A guide to Improving Sandblast Operator Comfort
One key factor in helping your sandblast operators production level is helping them to be as comfortable as they can during blasting. After all blasting can already be monotonous and challenging so why not try to make it comfortable for the blast operator? Below we will discuss ideas to help improve your blast operators comfort which should ultimately help you maintain higher levels of sandblast production. You can also learn about other factors to improve sandblast production in this article.
Tip 1 – Climate Control
If you are relatively new to sandblasting operators will sometimes not know that there are options to provide both heated and cool air (or both) to the blast operator. These units are typically called climate control tubes and utilize compressed air to provide a cool/warm/ or either warm/cool air flow inside your blast operators blast helmet. By keeping the hood more comfortable based on whether it is cool or hot outside the blast operator will be able to stay comfortable while they work. One important fact to know when you are selecting a climate control tube is that the tube will require additional air compressor capacity, typically in the 20 – 22 CFM range. Depending on your compressor and sandblast nozzle size this additional air requirement may be problematic so you do want to confirm that you will have the necessary compressed air to supply the cool air tube.
Tip 2 – Operator Protective Gear
While many blast operators will often be wearing a pair of jeans and sweatshirt, there are options out there that will better deflect blast media as well as allow the operator to not be excessively hot or cold. For cooler weather or maximum protection, you can consider a heavy duty blast operator outfit. They are typically made of leather which helps deflect blast media and allows the operator to blast without being bothered by the blast media being bounced off of them. If the weather is warmer or you want a blast suit that is lighter for maneuverability you could consider a light duty blast operator outfit.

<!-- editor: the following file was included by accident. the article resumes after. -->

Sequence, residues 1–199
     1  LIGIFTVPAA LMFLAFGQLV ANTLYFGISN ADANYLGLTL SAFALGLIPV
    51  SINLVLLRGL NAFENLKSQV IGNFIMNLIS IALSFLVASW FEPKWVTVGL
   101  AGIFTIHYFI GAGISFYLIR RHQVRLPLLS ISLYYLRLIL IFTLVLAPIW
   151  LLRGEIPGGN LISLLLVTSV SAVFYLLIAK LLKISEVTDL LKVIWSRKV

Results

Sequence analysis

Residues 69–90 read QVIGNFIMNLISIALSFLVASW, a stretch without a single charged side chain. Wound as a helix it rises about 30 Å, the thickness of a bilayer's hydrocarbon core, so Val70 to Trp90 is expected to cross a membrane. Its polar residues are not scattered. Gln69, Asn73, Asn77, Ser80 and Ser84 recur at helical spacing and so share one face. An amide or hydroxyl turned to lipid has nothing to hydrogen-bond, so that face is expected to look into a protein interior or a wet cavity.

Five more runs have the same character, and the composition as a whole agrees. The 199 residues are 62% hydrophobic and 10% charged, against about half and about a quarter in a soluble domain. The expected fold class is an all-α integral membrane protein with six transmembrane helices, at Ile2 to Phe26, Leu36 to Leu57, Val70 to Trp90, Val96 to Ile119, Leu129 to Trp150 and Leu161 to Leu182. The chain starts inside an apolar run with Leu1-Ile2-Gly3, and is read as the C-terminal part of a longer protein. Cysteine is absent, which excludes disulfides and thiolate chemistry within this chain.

Tip 3 – Blast Hose Configuration
Controlling the blast hose for long periods of time can be one of the hardest parts of blasting. The larger the blast hose is in diameter as well as the material the hose is made of contribute to blast hose weight as well as ease of control. While you often times will want to use a heavy duty blast hose to help improve the life of the blast hose, you can use a whip hose which is a small section (usually 10 – 15 feet in length) of blast hose that is the last part of the blast hose. This whip can be made of lighter weight hose material that is more flexible , like Clemco Supa blast hose.
Tip 4 – Blast Helmets
There are a variety of blast helmet options available today. Different options allow for different benefits from better visibility while blasting to better comfort when being worn. Certain blast helmets may have different internal webbing options that are designed to provide added comfort (which you will typically want to allow the blast operator to try to determine if they find it more comfortable).
Tip 5 – Blast Pot Configurations
Certain blast pots will have different features that can provide easier maneuverability. For example a Contractor Blast Pot has a second set of wheels compared to a classic blast pot which provides greater stability and ease of movement in the field. If you think you will be maneuvering with your sandblast pot fairly often, it can be a good idea to consider a contractor style pot that will provide better mobility.
Ultimately sandblasting is not easy, spending hours cleaning metal and holding heavy hose can be hard. To help improve operator comfort you can consider the tips discussed in this article, which by helping the blaster be more comfortable they should be able to work more effectively.